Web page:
In June we updated our thumbnail uploader to accept 140x90 thumbnails for the upcoming redesign.
We unveiled a Meat Boy shirt in July, to hype the upcoming release of Super Meat Boy for consoles.
JohnnyUtah and I spent half of the year making a game adaptation of The Room, released in September and ultimately leading us to meet and befriend Greg Sestero, co-star of the film. The game is also referenced in his book, The Disaster Artist.
October brought our Halloween Spooktacular and new user image uploader, in preparation for new image sizes in the redesign.
In December we hosted our second game jam.
2011: Preparing for the Future
We kicked off the year with our first ever 48 hour Animation Jam.
We also launched a YouTube page but Google cancelled our Adsense when we applied to run ads on it. There was this dream that our YouTube page would create a new stream of revenue that could fund tons of original content but Google was never gonna let that happen.
NG set up its own broadcasting server and we did a lot of live broadcasts from the office this year. We wanted to expand into artist broadcasting but never quite got there, whoops.
Our third Game Jam was in February.
In September we began our private beta of Swivel, a tool developed by Mike to do best-ever SWF to MP4 conversions. Swivel allowed us to launch a Roku channel and prepare classic content for a future without Flash but it also sped up the migration to YouTube, as a lot of popular artists were now able to convert their classic work to a proper video format.
In October we launched our last known Treasure Hunt, which I never saw through to completion and it has haunted me ever since. I still plan to organize a community project around this.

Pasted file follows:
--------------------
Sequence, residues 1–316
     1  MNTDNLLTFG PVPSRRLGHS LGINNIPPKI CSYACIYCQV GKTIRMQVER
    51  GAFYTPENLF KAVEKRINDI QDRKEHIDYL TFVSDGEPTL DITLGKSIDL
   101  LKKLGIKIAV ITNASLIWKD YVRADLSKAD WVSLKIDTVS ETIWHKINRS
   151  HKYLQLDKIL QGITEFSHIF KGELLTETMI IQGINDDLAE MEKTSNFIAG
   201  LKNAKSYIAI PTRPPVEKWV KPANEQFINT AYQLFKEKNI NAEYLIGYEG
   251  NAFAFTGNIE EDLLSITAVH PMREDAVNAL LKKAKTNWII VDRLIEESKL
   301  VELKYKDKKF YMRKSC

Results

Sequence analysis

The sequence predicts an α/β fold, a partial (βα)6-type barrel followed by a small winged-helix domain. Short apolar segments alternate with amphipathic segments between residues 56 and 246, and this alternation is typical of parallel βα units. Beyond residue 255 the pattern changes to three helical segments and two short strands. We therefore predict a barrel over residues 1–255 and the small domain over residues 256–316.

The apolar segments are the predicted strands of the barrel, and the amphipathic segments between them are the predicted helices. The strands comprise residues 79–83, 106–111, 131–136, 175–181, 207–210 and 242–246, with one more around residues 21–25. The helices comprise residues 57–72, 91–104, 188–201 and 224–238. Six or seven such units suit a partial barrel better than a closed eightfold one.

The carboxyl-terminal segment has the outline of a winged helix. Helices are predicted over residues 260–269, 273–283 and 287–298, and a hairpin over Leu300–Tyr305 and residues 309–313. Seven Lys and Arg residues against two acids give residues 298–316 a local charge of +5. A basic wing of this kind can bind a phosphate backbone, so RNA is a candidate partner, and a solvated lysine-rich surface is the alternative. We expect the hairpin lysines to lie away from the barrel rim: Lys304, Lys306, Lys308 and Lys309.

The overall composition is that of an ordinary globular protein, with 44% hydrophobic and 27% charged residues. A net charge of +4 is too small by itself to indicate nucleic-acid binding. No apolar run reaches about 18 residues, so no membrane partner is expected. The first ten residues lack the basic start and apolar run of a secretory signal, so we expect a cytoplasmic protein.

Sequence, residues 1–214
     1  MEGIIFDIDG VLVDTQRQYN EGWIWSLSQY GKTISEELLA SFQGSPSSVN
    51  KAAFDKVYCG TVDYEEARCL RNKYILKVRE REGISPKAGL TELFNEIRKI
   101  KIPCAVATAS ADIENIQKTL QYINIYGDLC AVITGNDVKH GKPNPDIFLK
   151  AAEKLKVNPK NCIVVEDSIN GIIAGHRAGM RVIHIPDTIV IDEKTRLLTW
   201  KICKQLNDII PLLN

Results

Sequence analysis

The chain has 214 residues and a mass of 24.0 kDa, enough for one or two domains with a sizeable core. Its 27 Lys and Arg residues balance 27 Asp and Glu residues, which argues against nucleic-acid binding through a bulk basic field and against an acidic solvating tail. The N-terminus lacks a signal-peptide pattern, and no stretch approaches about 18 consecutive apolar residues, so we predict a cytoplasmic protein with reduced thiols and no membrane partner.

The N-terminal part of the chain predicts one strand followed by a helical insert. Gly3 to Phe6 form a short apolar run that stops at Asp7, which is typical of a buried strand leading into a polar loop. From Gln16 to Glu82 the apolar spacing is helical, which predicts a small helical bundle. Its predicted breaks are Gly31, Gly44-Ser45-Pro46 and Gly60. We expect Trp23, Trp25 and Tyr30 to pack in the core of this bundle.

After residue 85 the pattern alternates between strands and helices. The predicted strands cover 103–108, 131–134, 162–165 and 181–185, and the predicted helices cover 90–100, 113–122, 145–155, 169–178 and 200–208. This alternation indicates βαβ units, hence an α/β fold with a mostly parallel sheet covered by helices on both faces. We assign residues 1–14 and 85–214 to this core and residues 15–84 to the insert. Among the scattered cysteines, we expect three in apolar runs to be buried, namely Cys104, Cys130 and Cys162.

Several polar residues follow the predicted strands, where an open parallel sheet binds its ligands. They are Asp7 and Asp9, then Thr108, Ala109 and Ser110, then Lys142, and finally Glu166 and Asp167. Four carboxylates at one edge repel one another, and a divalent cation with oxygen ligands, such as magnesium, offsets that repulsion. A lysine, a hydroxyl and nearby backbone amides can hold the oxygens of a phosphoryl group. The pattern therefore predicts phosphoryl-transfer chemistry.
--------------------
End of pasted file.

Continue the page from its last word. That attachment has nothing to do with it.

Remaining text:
With the redesign approaching the finish line, NG's future in question and a promising offer from another company, Bob accepted a new job in November. It's sad to see friends go but it was also a really helpful move given our circumstances.
We had a lot of jams and broadcasts in 2011 but the site didn't have much in terms of feature updates due to all our effort going to the redesign.
2012: Redesign Time and a Break Away from Flash
We kicked off the year with the release of our first and last iPhone game, GroundCats! It's no longer in the iOS store because I forgot to pay the $100 annual renewal but it would have been removed by now anyway for not updating every few years to keep working on iOS.
The NG redesign launched on February 7th, introducing a fresh new look, more advanced content browsing, in-site artist feeds (previously only available via email), a community calendar and a new Project System for managing games, movies and audio.
Much of the year was spent fine-tuning and making subtle improvements to the new site but there were some really big changes as well, notably our break away from Flash.
In mid-April we introduced our video player, allowing for the first time ever movies that weren't in SWF format. We also began an ongoing initiative to create video versions of all the classic NG content, so that it may exist forever on future platforms that may not support Flash.